Buddhist economy: Shared well-being as end
Any economy should serve the essential well-being of entire communities.
True well-being doesn’t come merely from the material world. One of the factors necessary to well-being may well be in meeting life’s basic needs, but cognitive abilities, creativity, and a healthy emotional life are also indispensable. So is an ability to live in a community.
It’s true that we’re parts of societies where the impulse to consume often imposes itself over less obvious needs. Money, as is often noted, can’t buy happiness. It’s hardly the single factor upon which a person’s essential happiness depends. This might be extrapolated to the world’s economic systems.
How much do present-day economies really favor people’s broader development? How much are emotional well-being, creativity, and the emotional needs of people or communities considered? To what extent do such systems favor production over other activities necessary to the enjoyment of life?
One of the most admirable texts to explore these issues is today a classic on the subject. A 1973 collection of essays by E. F. Schumacher is titled Small Is Beautiful: A Study of Economics as if People Mattered. An economist and stateman, Schumacher explores the intersection of economics, ethics, and the need for an ecological and sustainable awareness. That intersection presents issues which, nearly five decades later, remain as potent as ever.
In one essay, “Buddhist Economy,” Schumacher describes the relationship between the economic and the spiritual. It’s a place visited years ago by Mahatma Gandhi, among many other thinkers. Schumacher suggests that an economy that is desirable should be guided by moral and spiritual principles. He then seeks the true well-being of human communities as a whole and not merely the survival or enrichment of a few. For Schumacher, traditional Western economic systems overlook these issues, something he describes unapologetically as a “metaphysical blindness.”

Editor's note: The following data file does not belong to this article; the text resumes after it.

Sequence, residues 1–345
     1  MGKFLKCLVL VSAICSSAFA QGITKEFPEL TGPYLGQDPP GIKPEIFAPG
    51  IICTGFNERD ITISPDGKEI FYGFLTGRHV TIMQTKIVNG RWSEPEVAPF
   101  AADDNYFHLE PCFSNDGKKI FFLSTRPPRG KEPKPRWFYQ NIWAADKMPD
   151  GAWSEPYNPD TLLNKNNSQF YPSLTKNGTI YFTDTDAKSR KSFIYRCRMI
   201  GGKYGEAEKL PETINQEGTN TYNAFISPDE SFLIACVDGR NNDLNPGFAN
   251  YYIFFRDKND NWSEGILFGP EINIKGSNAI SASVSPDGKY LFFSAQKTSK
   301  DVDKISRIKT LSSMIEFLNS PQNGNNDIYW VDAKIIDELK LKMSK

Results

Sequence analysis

Schumacher finds a vital part of people’s spiritual health in work. It’s also a source of joy. Work should be an activity dedicated not just to the satisfaction of material needs (an obligation), but also a path to personal fulfillment, and one capable of giving meaning to life on a spiritual level. He speaks then of the idea of work in Buddhism, which grants three virtues: developing personal skills and abilities; it allows people to overcome the tendencies of ego in joining with others to achieve a common goal; and work provides the goods and services people needs to continue living.
Our own economic systems often put enormous importance on material goods, pursuing and consuming material goods out of any proportion. It’s the opposite of a Buddhist view of the economy which considers material goods a means to human well-being, but not ends in themselves. Thus, an economy should focus on gaining greater well-being from as little consumption as possible. Such an idea reflects two vital principles of Buddhist economics and of Buddhist thought in general: simplicity and non-violence. The first principle, in economic terms, stems from the idea that the less one person consumes, the more goods there are for others, thus avoiding conflict (the second principle). Buddhism also favors local consumption as a form of a healthy economy.
The Buddhist concept of work (an essential part of the process of liberation) and consumption (such as a community exercise) as timeless lessons we should learn from a young age. They should be repeated often because they could transform our relationships with the material world and with the people with whom we share the world. In Schumacher’s words:
Buddhist economics must be very different from the economics of modern materialism since the Buddhist sees the essence of civilization not in a multiplication of wants but in the purification of human character. Character, at the same time, is formed primarily by a man’s work. And work, properly conducted in conditions of human dignity and freedom, blesses those who do it and equally their products.